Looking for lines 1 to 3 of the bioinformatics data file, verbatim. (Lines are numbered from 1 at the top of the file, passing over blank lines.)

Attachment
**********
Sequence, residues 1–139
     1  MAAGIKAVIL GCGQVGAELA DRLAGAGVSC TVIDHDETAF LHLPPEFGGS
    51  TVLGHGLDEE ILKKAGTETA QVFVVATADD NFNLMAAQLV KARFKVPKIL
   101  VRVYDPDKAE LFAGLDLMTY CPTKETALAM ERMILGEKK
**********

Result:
Sequence, residues 1–139
     1  MAAGIKAVIL GCGQVGAELA DRLAGAGVSC TVIDHDETAF LHLPPEFGGS
    51  TVLGHGLDEE ILKKAGTETA QVFVVATADD NFNLMAAQLV KARFKVPKIL